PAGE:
There has been some fun stuff today following Steve Jobs missive on Flash and standards. Joe Hewitt (former Facebook and Mozilla dev and rock star): How it should go: browsers innovate differently, users pick the best one, later W3C standardizes what users chose, losing browsers conform.

Sachin: Browsers aren’t innovating. They are just trying to comply with standards and fix bugs and performance

  • Right now browser updates fix bugs and add application features, but can’t enhance the functionality of the web. This is only done by standards boards.
  • Browsers are forced to implement every “standard” that is agreed on, even if it’s not the best decision for the platform.
  • Browsers don’t add functionality outside of standards because developers wouldn’t utilize them. This means they can’t innovate.
  • Browsers don’t even comply with standards well. Developing for the web is a disaster because every browser has its own quirks and issues. They can’t even do one thing right.

Which got me to thinking about the case of web browser standards: what good are they?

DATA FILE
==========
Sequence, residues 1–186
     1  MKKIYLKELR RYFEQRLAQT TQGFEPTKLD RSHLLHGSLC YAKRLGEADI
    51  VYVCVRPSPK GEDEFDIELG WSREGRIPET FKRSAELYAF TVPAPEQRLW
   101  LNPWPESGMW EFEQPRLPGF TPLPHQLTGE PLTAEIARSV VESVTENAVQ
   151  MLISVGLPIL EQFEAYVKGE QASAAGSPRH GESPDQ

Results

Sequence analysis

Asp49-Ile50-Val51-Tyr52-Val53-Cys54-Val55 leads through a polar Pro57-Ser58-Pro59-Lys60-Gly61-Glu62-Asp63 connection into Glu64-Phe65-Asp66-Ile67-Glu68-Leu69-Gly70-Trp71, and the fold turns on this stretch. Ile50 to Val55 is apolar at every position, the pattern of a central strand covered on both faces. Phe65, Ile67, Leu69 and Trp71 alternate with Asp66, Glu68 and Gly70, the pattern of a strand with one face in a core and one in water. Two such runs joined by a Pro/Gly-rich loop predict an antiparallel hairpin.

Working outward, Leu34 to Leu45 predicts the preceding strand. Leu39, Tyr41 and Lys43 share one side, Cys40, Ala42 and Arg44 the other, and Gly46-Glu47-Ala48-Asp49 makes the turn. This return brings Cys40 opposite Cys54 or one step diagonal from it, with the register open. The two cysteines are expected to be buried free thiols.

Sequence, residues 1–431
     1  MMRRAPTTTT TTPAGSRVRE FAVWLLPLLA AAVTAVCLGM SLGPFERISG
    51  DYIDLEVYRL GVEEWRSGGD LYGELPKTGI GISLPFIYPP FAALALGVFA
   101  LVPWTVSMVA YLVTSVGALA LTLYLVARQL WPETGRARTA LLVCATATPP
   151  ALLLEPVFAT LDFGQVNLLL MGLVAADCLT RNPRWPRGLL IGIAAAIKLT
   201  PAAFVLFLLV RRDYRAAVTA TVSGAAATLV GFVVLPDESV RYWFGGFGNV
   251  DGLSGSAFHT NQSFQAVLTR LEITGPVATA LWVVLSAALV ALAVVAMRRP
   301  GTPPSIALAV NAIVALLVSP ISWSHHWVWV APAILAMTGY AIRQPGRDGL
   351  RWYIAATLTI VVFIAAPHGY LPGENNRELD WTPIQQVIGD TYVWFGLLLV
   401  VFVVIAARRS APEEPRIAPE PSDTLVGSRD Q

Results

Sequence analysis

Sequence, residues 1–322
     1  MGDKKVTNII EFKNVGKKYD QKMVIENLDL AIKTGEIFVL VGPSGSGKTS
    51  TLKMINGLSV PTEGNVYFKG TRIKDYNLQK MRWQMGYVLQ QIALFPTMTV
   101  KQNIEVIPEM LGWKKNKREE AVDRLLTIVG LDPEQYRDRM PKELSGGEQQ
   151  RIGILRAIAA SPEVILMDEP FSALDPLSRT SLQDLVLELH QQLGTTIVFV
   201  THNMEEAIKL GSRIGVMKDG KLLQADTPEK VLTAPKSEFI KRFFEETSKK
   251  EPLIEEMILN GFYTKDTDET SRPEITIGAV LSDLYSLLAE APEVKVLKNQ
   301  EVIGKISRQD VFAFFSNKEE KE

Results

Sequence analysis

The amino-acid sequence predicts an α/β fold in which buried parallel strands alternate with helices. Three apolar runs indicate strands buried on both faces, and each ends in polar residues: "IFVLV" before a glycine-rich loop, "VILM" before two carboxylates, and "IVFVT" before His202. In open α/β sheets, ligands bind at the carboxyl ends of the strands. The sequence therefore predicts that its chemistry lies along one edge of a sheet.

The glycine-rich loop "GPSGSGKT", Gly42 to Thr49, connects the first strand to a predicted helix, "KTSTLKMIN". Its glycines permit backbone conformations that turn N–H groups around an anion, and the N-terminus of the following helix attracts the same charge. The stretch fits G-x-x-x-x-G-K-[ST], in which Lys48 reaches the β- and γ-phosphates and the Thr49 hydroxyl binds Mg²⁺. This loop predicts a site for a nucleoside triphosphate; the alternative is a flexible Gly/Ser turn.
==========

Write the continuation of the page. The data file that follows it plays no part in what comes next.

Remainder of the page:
On a base level, a piece of software has to comply with some standards to be called a web browser. Can it render HTML, CSS and JS? OK, it’s probably a web browser.

But beyond that, the passion for standardization is about one particular use case: the ability to switch between different brands of software and achieving the same experience.

Think about that. If all browsers do the same thing, why would anyone switch? Do you know any normal (non-techie) person who cares about their web browser? And as browsers converge on standards, they will have even less reason to care.

Switching is a use case that applies to almost no one. And yet we obsess about it.

iPhone apps are not based on a community standard, and they often rock. People certainly like them.

Browser innovation is happening, and I am glad. I love Chrome. It competes on performance and usability. Firefox does the same, plus their add-on ecosystem.

And I understand the downside of inconsistent browsers. As a web dev, I benefit from standards. But does the consumer?

Consider what we are losing: serious innovation. It’s all happening elsewhere. Yes, browser standards do evolve as with HTML5. But as Hewitt alludes to, HTML5 is Flash 2003. If we had waited for HTML5, we’d have no web video.

Heck, I was able to do things with Filemaker in the early 90’s that I still couldn’t do on the Web in the mid-00’s. I traded “rich” for “reach”. Maybe rich is fighting back.